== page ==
How did we ever manage before the Internet? Searching for something must have taken me endless amounts of time. I've always been an "instant gratification" sort of person and now I can even get up in the middle of the night and buy something, look up something, the latest news and the list is endless.
My latest search is this, my dear husband is having a birthday in a few days and he has requested a "Dobos Torta" for his birthday cake. I'm not the greatest baker, mind you I could be but I'm far too fat for that, (I love what I bake and would be eating myself to oblivion) so baking this cake is out of the question.
This cake is too tedious and for me to even attept it and too difficult, even in Hungary only the most dedicated make their own. Best when professionally done. If you don't believe me take a look at one version of the recipe translated from a Hungarian.
Now where to find it?
Dobos torta is a traditional Hungarian many layered cake with melted hard sugar/caramel topping. I'm not sure how many layers is the "official" count but it varies from 4 or 8, most of the time I've only seen the 8 layer version. Vanilla sponge cake lathered in chocolate butter cream... oh I can just feel the pounds adding on even just writing about it. It is very delicious but rich. When done well it is Divine but it can be very dry if not fresh.
I just "googled" it and found all kinds of leads even a discussion http://www.chowhound.com/topics/354833
B & L Gourmet Pastries
8556 W 3rd Street - Los Angeles, CA
And there is Otto's Famous Deli in Burbank, California.
Alpine Village, and the hunt goes on....
Now I've done it too too much information there are so many variations of this very famous pastry cake that it boggles the mind. Funny how somethings just catch on ..... Tune in again if you are curious about what I find in the Los Angeles area.
And here is a story I found about the history of this cake which I've never thought about but now this little tid bit lives in my brain. You see what I mean about the web now this story may or may not be accurate but it was entertaining for me. I'm easily entertained what can I tell you.
History of the Dobos Torte:More recipe links:
Joszef Dobos was the Auguste Escoffier of Hungary, creating his culinary extravaganzas during the same period as the French master. And like Escoffier, his name became known well beyond his country's borders.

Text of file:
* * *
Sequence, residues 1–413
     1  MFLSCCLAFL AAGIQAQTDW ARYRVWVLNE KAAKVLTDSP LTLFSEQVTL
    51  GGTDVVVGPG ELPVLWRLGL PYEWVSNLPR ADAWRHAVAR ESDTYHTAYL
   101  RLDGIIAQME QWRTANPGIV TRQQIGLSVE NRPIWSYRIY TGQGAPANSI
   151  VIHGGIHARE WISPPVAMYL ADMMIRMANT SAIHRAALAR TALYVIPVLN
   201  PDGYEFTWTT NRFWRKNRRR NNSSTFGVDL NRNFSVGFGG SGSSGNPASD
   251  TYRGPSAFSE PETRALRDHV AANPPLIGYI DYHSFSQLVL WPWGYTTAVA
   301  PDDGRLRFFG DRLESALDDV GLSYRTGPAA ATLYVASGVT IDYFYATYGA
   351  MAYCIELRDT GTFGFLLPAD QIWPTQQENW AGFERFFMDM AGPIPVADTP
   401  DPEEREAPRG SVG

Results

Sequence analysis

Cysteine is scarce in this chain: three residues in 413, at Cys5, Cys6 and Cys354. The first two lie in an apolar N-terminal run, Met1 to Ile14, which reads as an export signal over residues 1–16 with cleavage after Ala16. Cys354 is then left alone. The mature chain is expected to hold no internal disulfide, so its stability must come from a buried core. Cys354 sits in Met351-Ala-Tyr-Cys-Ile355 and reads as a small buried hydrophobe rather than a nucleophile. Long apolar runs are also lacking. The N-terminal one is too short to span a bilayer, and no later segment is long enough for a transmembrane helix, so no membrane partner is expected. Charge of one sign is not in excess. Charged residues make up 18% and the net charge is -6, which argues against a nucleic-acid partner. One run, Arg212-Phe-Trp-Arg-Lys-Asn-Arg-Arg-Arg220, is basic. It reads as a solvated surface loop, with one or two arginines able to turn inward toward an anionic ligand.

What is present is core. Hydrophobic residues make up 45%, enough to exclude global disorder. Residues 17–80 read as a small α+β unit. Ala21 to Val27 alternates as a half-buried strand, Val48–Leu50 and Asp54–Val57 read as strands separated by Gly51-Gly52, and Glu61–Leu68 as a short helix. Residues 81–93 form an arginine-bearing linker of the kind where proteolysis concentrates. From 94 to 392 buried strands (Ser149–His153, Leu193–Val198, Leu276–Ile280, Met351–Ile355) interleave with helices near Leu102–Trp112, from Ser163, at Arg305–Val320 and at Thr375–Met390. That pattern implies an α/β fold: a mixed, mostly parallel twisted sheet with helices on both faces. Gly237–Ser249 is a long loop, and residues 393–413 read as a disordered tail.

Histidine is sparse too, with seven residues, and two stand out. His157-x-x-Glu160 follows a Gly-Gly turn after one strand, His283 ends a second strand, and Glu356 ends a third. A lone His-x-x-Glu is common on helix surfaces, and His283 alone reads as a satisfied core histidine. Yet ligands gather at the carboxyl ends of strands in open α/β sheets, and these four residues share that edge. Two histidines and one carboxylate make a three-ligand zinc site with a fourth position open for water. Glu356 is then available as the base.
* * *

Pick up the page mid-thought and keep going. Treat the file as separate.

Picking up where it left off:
Dobos came from a family of cooks. He prided himself on the quality and variety of his offerings at his fancy-food shop, which catered to the well heeled. In time when shipping was expensive and unreliable, he offered more then sixty cheeses and twenty-two champagnes. Budapest loved big World's Fair-like exhibitions, which of course, gave the citizens ample opportunity to sample their other favorite indulgences, food and wine. In 1885, at the first General National Exhibition, Dobos had a pavilion selling his delicacies. His most famous customers were the emperor and empress themselves (also styled king and queen of Hungary), who heartily approved of their meal. Elizabeth was unpopular in Vienna for promoting Hungarian independence, which, of course, made her a heroine in Budapest, so her endorsement of Dobos's products ensured his position as a super-chef.
A few years later, Dobos introduced his most famous invention, the Dobos torta. The amazingly thin cake layers and caramel crown were impressive indeed, but it was the cake's profuse use of chocolate buttercream -- a recipe only recently imported from France -- that literally put Dobos torta on everyone's lips. Dobos devised a special package that allowed the cake to be shipped, and soon the cake appeared in other European capitals. Of course, other Budapest bakeries wanted the recipe so they could sell their own version, but Dobos shrewdly kept it a secret -- for a time. During the 1896 Millenium Exposition, celebrating one thousand years of Hungarian nationality, Dobos opened another pavilion, selling thousands and thousands of his cakes. Dobos torta mania had taken hold.
When Dobos finally retired in 1906, he made a well-publicized gift of the recipe to the Budapest Trade Association, preserving it (and his name) for prosperity. The legend was further enhanced by an operetta detailing Dobo's intrigues.
By coincidence, dob in Hungarian means "drum". As the caramel-glazed top of a Dobos torte looks somewhat like the stretched skin of a drum, some sources mistakenly believe that the name of the cake is derived from dob. Could his choice of a hard caramel topping have been intentional? After all, could his surname come from dob, as well?
This one looks kind of weak but it claims to be a Kosher recipe.